Trends in French Anti-Americanism
Figure 1 presents the evolution of the image of the United States in the eyes of French public opinion over the last half century. This figure plots the difference between the percentage of French survey respondents with a positive or favorable opinion of the United States and the percentage who hold a negative or unfavorable opinion.
The data for this portrait of evolving French opinion are drawn from a variety of opinion surveys conducted on behalf of a number of sponsors. During the 1950s and early 60s, the US government sponsored frequent opinion surveys to gauge international opinion about the United States. United States government surveys become less frequent, and less accessible, once the agency responsible for the surveys (The United States Information Agency) was reformed in the 1970s, before resuming toward the end of the 1980’s. The European Commission included questions about opinions of the United States on a number of Eurobarometer surveys in the 1980’s and after 2001. The Pew Charitable trusts also sponsored a series of surveys of opinions about the United States after 2001. Between these survey series, gaps in the data set are filled with occasional surveys done for news outlets or as part of national election studies.
A few patterns in French opinion are particularly salient and suggest that attitudes towards the United States are neither stable nor random, but are systematically influenced by events.
Some patterns in the data are subtle. Gaullist rhetoric notwithstanding, overall opinions of the United States actually improved under the first six years of the Fifth Republic. It is during the latter years of De Gaulle’s presidency- 1965-1968, that opinions of the United Sates degrade. A number of elements come together during this time period including De Gaulle’s decision to withdraw from the military structure of NATO, the escalation of the American war in Vietnam, and images of racial violence in the United States. By 1969, opinions about the United States had recovered and for the remainder of the Cold War they oscillate between 20 and 50 percent net positive opinions with high water marks in 1978 (Camp David Accords) and 1989 (Fall of Berlin Wall) and a low point in 1984.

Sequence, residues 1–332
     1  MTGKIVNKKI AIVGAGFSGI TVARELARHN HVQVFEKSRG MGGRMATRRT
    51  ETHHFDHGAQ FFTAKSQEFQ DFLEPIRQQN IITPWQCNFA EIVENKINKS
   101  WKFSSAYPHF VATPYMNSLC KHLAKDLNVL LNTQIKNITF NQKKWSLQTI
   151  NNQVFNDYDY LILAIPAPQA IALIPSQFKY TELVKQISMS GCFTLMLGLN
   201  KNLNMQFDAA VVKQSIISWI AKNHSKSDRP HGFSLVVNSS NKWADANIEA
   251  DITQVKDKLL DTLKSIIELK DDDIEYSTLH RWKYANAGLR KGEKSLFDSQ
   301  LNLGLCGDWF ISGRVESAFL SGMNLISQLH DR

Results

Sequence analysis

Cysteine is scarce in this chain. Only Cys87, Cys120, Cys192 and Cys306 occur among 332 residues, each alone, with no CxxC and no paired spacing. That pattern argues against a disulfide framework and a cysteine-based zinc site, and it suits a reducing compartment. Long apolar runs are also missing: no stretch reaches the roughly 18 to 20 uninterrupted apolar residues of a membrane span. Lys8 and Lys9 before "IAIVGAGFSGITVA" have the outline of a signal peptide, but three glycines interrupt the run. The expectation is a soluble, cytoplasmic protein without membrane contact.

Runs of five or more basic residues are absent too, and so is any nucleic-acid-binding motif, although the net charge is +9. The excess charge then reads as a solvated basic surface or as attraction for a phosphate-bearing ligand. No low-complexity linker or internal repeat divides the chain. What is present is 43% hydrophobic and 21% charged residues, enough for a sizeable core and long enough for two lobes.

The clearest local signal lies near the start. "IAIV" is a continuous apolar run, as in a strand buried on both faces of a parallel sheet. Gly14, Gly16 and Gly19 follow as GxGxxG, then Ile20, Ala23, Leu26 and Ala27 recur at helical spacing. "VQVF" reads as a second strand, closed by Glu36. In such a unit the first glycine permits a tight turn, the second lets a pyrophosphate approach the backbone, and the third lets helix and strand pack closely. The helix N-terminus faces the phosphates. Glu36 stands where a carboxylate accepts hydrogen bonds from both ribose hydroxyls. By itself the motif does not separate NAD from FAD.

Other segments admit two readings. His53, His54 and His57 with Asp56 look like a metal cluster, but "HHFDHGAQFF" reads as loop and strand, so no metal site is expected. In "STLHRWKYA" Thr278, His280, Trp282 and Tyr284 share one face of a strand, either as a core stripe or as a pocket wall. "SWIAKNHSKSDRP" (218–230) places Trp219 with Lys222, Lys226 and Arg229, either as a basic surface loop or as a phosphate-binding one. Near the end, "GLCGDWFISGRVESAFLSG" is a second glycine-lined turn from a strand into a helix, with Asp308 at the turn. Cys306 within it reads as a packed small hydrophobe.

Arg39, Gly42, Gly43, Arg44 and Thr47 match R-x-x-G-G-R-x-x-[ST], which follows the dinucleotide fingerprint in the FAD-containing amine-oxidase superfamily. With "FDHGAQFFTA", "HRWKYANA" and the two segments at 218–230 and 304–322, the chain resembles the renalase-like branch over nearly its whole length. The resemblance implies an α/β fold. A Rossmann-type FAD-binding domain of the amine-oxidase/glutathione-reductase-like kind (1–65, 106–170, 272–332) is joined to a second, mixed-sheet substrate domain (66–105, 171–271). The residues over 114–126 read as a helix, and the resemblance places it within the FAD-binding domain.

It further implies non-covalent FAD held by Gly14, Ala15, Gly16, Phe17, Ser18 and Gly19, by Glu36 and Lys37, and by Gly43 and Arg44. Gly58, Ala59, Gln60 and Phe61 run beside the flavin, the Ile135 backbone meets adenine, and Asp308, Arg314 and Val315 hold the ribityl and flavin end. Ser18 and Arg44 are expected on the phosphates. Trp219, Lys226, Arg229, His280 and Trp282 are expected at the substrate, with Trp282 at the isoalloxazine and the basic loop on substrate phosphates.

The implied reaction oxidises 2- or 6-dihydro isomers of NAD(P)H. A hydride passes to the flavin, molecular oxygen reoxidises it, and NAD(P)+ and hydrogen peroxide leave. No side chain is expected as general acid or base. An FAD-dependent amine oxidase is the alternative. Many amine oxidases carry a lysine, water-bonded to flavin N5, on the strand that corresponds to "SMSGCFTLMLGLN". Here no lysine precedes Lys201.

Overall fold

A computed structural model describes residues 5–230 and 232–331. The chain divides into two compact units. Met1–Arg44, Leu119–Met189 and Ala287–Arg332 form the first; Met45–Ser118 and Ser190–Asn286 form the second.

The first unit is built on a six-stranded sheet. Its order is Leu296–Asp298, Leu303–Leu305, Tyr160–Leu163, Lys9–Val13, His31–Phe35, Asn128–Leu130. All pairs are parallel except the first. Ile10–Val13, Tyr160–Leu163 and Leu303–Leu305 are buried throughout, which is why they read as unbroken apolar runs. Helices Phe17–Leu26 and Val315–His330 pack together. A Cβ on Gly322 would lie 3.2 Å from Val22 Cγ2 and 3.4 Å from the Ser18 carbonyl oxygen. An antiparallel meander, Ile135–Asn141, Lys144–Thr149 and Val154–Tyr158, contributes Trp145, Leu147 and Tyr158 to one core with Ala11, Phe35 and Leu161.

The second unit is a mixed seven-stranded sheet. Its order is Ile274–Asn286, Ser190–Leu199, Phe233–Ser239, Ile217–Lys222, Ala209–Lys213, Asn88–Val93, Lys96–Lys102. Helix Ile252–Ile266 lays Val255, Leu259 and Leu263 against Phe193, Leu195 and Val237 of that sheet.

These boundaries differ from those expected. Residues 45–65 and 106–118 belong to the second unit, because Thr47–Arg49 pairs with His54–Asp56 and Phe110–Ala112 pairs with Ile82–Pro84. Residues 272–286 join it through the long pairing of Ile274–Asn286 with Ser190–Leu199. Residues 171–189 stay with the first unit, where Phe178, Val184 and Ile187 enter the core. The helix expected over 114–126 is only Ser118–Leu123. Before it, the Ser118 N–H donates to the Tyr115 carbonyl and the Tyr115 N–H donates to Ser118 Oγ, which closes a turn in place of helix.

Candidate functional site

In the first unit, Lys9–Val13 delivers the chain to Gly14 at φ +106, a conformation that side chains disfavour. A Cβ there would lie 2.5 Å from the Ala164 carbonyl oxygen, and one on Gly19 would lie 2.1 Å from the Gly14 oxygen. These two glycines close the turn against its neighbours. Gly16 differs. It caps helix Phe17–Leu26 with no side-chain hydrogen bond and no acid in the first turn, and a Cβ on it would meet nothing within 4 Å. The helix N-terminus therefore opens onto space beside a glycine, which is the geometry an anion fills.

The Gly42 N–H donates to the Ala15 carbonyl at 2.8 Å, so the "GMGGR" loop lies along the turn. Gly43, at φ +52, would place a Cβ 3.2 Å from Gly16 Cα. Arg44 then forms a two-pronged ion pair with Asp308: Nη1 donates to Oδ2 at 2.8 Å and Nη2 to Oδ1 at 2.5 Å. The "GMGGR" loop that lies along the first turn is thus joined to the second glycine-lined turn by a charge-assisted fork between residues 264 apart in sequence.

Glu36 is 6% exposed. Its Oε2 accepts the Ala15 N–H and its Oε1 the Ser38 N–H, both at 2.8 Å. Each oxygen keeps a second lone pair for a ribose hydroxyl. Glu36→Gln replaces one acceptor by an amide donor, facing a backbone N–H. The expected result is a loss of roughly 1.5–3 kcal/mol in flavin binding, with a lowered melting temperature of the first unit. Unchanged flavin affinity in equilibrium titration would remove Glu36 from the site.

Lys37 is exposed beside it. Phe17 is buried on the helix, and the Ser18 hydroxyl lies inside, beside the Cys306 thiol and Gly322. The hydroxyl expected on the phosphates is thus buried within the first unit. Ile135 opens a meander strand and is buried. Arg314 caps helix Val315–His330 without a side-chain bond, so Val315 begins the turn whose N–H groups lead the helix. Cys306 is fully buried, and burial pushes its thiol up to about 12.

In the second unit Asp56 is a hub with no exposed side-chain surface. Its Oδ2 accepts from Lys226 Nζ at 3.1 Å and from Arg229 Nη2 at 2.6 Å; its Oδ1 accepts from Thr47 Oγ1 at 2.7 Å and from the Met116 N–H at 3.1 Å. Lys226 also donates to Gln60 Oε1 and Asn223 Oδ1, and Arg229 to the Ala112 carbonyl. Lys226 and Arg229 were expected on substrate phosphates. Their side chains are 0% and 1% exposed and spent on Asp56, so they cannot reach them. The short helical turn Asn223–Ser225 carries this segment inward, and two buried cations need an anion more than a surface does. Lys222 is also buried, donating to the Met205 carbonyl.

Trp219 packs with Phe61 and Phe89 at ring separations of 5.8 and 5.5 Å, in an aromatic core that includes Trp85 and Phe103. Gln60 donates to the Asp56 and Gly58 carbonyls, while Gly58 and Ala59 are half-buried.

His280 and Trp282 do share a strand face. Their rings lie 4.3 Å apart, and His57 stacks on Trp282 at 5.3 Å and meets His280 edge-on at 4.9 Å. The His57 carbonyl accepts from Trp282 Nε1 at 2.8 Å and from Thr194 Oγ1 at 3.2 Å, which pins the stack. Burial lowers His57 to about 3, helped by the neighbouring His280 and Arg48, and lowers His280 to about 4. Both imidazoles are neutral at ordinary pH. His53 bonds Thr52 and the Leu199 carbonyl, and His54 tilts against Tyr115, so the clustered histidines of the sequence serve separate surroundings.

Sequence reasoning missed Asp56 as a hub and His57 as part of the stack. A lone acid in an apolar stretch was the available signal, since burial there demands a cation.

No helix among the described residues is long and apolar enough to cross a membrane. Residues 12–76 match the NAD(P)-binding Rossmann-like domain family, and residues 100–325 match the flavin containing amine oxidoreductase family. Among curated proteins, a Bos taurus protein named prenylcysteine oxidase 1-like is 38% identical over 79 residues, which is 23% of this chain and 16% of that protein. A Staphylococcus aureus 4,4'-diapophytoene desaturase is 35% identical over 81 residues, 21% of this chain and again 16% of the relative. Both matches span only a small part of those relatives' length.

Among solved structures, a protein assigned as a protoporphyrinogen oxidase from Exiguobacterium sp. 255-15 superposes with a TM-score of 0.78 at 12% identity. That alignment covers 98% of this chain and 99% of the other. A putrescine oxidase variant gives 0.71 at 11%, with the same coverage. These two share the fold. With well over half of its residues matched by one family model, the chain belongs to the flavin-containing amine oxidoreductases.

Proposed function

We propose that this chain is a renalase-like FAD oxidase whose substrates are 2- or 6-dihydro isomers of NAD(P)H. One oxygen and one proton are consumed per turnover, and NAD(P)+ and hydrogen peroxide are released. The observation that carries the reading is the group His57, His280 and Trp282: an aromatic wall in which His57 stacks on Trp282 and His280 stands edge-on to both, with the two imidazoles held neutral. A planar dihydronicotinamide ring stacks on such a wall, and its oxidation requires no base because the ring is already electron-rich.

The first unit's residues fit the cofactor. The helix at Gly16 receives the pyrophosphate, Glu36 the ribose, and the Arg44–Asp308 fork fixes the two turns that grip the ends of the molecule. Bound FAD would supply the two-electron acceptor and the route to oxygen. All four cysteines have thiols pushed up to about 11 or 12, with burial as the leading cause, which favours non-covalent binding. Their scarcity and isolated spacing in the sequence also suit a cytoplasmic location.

The end of the Cold War marked a dramatic shift in the strategic rationale behind Franco-American cooperation. However, it was not accompanied by a dramatic shift in attitudes towards the United States. After the Cold War, opinions of the United States gradually degrade until 1995. This movement
3 could be thought of as a response to the weakening importance of the United States as a bulwark against the obsolete Soviet threat. However, opinions improve after 1995, a trend which continues until the end of the presidency of Bill Clinton.
The most dramatic aspect of this graph is the very substantial and abrupt dive in French opinions about the US in 2003. This unprecedented drop in public opinion occurs as the United States invades Iraq and opinion stays at a very low level until the election of Barack Obama as US president in 2008. The first surveys conducted during the Obama administration suggest a return to pre invasion levels of favorable opinion about the United States. Tellingly, the precipitous drop in assessments of the US does not coincide with the election of George W Bush. While French criticism of George W Bush began early in his term with actions such as the rejection of the International Criminal Court and the Kyoto accords, attitudes among the French public dropped only modestly from 2000 to 2002. It was the invasion itself which provoked a rupture in French opinion which lasted for the remainder of the Bush administration.
Changing stereotypes of the United States.
These shifts in the aggregate French opinion about the United States tell only part of the story. The global evaluations of the United States masks substantial changes in the way the French think of the United States. The France-America foundation has carried out a series of surveys asking the French not only whether they have a positive or negative opinion of the United States, but exploring the content of these opinions as well. In one particularly revealing exercise, survey respondents were given a list of 12 words, and asked which words they associated with the United States.1